I was thrown by the laid back and affable nature of the film's opening: a teen on a driving lesson with his dorky dad. It's a great opening, not just because it's one of the rare times that a local film manages to accurately convey a laid-back atmosphere -- we're such a laid-back people, why do so many films fail at portraying this? -- but because it wrong-foots us completely. The tone suggests a teen horror film. Would a group of unlikely friends investigate a mysterious-looking house during a camping trip? Would a killer come to their small town and terrorise the high school formal? Which variation-on-a-familiar-theme would this be?

What took the rug out from under me was what this film aspires to be. THE LOVED ONES owes more to the gritty horror films of the 70s -- TEXAS CHAINSAW MASSACRE and its ilk -- than the slasher films of the 80s, or the ironic postmodern horrors of the 90s, or the remakes-that-miss-the-point of the 00s. The film doesn't look cheap, but it manages to utilise that wonderfully dirty, gritty, bloody feeling that certain 70s horror films evoked. The violence is hard and brutal, and you feel every moment of it: the "bad guys" behind it are suitably unhinged; the main characters are people you genuinely care about. On paper, the mix of styles -- the relatable real-world feeling of the teens, and the bug-fuck insanity of the horror element -- would seem incongruous, but writer/director Sean Byrne makes it work effortlessly.

The press notes suggest the characters owe more to a John Hughes film than to other horrors, and it's a very apt comparison. Horror teens in a horror film are rarely interesting, but teens made to reflect actual teens, well, we care about them when they're in danger. The cast is uniformly excellent, with a genuine star-making performance from Xavier Samuel. Robin McLeavy has the toughest job of the bunch, playing mega-nutsoid in a film filled with real characters, but manages to hit the right note every time. John Brumpton, Victoria Thaine, Jess McNamee and an almost-unrecognisable Richard Wilson are all spot-on perfect in their roles.

The oddest part of the film is a subplot that, on first glance, appears to go nowhere. It's like the B story of a TV show where others in the cast are given their own little plot to go on with because they're not included in the main story. Although an argument could be made for that interpretation, I think there's a deftness to this subplot -- those who have seen the film will know the one I mean; I shan't spoil for those who haven't -- in the way that it doesn't affect the main story, but is itself affected by the main story. It is also thematically strong, and complements the main story in an exceedingly clever way. You could edit it out of the film and everything would still make sense, but it's a better film with that subplot in it.

When I said earlier that I don't particularly love horror films, it's because 95% seem to be utter shite, and wading through those to find the 5% of gold is usually an unenviable task. THE LOVED ONES sits more than comfortably inside that 5% of great horror, and will undoubtedly find its audience. In the meantime, someone fund Sean Byrne's next film, stat.


Australian release: October 14 // New Zealand release: TBA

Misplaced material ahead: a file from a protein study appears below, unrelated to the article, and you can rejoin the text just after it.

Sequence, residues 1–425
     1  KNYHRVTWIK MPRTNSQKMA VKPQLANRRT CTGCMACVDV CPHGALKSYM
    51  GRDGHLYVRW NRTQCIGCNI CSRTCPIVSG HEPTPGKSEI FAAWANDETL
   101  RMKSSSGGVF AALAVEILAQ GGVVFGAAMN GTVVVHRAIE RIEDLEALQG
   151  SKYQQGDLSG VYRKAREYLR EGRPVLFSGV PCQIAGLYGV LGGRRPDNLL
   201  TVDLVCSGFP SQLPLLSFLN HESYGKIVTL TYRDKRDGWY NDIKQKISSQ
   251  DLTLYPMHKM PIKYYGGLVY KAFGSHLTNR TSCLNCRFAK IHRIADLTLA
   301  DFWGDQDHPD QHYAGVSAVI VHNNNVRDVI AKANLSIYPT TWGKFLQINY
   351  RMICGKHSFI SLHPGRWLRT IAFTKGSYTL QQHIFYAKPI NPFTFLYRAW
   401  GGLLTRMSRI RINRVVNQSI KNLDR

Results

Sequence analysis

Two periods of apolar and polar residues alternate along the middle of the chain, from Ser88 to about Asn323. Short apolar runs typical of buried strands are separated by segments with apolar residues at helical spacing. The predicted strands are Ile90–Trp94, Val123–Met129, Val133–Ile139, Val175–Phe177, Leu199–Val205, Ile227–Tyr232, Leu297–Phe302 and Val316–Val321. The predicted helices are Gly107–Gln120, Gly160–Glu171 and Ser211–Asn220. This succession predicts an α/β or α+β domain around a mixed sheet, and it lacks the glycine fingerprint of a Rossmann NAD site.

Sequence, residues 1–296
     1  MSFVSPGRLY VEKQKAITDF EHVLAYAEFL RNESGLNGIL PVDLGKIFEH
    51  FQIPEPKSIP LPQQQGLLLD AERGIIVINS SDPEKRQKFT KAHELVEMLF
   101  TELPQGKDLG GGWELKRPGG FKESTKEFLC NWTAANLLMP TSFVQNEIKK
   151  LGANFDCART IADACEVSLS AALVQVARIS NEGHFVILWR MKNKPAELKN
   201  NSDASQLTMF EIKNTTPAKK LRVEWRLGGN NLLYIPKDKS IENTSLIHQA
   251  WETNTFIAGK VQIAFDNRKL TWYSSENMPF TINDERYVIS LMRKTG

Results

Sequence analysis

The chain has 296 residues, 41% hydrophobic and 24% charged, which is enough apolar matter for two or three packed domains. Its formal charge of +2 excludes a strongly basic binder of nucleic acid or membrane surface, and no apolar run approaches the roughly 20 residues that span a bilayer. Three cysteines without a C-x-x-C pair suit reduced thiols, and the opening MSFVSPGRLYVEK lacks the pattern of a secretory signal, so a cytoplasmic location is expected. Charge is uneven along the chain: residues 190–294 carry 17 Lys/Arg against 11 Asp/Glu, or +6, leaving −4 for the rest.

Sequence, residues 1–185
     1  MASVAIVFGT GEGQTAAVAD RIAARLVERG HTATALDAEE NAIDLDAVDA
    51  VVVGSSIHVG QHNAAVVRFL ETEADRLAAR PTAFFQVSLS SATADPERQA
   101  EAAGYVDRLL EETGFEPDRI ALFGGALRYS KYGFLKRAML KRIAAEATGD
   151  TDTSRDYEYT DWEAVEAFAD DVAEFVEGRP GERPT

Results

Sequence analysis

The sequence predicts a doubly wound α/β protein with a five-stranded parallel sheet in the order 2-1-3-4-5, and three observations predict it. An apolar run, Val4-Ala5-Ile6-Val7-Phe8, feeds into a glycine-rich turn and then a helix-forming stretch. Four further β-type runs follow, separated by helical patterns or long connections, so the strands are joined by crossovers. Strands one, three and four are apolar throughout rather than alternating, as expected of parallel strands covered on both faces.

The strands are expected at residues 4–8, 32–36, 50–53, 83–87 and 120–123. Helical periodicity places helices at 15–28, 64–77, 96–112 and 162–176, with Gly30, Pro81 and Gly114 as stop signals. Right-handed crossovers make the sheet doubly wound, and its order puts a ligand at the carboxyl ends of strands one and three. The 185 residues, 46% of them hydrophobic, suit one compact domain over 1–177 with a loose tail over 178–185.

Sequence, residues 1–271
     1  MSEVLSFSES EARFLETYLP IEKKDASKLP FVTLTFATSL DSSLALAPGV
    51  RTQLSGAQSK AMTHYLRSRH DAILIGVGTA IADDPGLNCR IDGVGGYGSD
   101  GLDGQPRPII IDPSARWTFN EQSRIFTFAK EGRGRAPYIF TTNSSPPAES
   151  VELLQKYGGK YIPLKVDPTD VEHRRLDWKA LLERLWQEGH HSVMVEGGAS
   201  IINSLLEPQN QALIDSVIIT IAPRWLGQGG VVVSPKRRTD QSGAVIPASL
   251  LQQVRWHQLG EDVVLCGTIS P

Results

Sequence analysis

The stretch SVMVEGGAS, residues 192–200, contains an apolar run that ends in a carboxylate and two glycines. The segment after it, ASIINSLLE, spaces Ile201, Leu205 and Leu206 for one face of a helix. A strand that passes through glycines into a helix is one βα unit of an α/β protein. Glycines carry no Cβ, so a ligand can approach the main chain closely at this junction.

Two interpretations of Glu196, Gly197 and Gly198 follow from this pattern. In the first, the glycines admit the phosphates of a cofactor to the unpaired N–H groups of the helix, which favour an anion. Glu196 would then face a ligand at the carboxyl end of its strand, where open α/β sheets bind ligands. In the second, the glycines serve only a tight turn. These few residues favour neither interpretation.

Having forgotten everything about this film except the place and time of the media screening, I was delighted to discover it was a Merchant-Ivory film. Unlike what seems to be the majority of film geeks, I actually enjoy many of their films, particularly THE REMAINS OF THE DAY. It's un-hip, but it's true. So I was not disappointed to see James Ivory was at the helm, nor that the cast included Anthony Hopkins, Laura Linney and Charlotte Gainsbourg.

Unfortunately, this overwrought film never lives up to its promise, which is odd given its promise is actually quite unambitious. When a post-grad student decides to write a biography of deceased author Jules Gund, he travels to South America to convince the people who control Gund's estate -- his brother (Hopkins), his widow (Linney) and his mistress (Gainsbourg) -- to let him write an authorised account.

If this setup sounds like a slam-dunk for this director and this cast, prepare yourself for a surprise. The film clunks along like a square wheel, lurching from expository scene to expository scene. No emotion is left unexpressed; no subtext is left unturned. It's as if someone went through and wrote script notes, "Here, she should be feeling this", "This is the scene in which he realises what the bee sting is a metaphor for", and those script notes got turned into actual dialogue. It's tremendously amateurish stuff, even more surprising coming from screenwriter Ruth Prawer Jhabvala. I'd be quicker to condemn her if she didn't have a proven track record with some terrific films (most of which are Merchant-Ivory productions, including the afore-mentioned REMAINS OF THE DAY), so I instead remain confused.

I'd love to say the acting saved it, but with such underwritten characters, there's not many places for them to go. Hopkins, Linney and Gainsbourg all appear to be trying too damn hard, which is really all they can do with this material. If you've ever thought Anthony Hopkins would be captivating if he were reading a phone book, this is the film that comes closest to testing this theory. He's captivating as always, but it's more than a little gruesome to see him machete his way through dialogue that was better left in character background notes. "You do, after all, deal in antiques," he tells his lover in so many words, a moment of painfully clunky exposition that represents every single line in this film.

Lead actor Omar Metwally doesn't fare much better, with his off-putting over-earnestness ratcheted up to eleven. His character, Omar, is so affable and wide-eyed and shocked at the world around him, you sometimes wonder how he managed to put on his shoes let alone get himself an academic grant.

The film finishes with an irrelevant, awkward scene that Probably Worked Better In The Book, which is a thought I had many times during the film. It is indicative of everything that came before it: misjudged, poorly-handled, irrelevant.